The apps that help you call your rep often give you a script and either tell you your rep’s phone number or else uses a nifty telephony tool to dial the constituent and then patch them into their rep’s office automatically.

Chances are what you want to build already exists.

But if you really want to build a similar tool, here’s how not to reinvent the wheel.

(Don’t confuse any of this with “case work.” Case work is when a constituent asks their rep or senator for help with an issue they are having with a federal agency, such as not receiving a Social Security check. That’s an important service that is unrelated to what I’m discussing here.)

First, you need a database of current representatives and senators in Congress.

Fortunately there’s an open source project that I started for that:

The congress-legislators database contains biographical and legislative information for each currently serving representative and senator, including DC office mailing addresses and phone numbers. If you use this data, please remember that you are relying on the time of volunteers who are keeping it up to date for you — please consider helping out too.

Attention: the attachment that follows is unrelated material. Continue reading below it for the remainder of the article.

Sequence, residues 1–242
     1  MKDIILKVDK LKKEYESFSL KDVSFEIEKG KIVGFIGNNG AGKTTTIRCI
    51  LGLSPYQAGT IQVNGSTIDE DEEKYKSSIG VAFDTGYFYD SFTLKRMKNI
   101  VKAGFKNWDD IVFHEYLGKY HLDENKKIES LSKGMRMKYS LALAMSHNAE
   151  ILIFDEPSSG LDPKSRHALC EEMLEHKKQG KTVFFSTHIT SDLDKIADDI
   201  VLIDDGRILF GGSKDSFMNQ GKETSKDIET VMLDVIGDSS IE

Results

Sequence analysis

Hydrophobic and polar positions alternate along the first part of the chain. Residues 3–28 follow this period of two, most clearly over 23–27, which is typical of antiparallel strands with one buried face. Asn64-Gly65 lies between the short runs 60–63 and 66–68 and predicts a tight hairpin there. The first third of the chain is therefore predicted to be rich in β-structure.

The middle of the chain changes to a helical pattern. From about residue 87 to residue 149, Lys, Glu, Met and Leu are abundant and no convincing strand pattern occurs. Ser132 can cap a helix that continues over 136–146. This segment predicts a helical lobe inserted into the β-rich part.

Also keep in mind that the data changes regularly. If your data isn’t updated each day, you may be sending constituent communications to the wrong place. That’s bad. And it gets a little crazy when one Congress ends and the one next begins. If you think that’s around election or presidential inauguration time (it’s not), you’ve got a lot of research ahead of you.

Then you need to determine which representative and senator represents your user.

For senators that’s easy — just ask the user which of the 50 states they live in.

If the user doesn’t live in a state (residents of the 6 U.S. territories, expatriates living abroad, and members of the military), they’re out of luck for contacting a senator unless they have an address in a state.

To contact a representative (i.e. a member of the House of Representatives, aka a congressperson), you have to determine which congressional district the user lives in.

Don’t limit users to the 50 states!

There are 441 representatives: 435 real representatives from the 50 states and then 6 non-voting delegates from the U.S.’s territories. Two of those territories have a larger population than some states, so don’t discount them just because Congress doesn’t consider those folks worthy of proper representation. (Use the congress-legislators database above to get a complete list of the states and territories that have representatives in Congress.)

Expatriates living abroad and members of the military should use an address within the United States if they have one. If they don’t, they’re out of luck.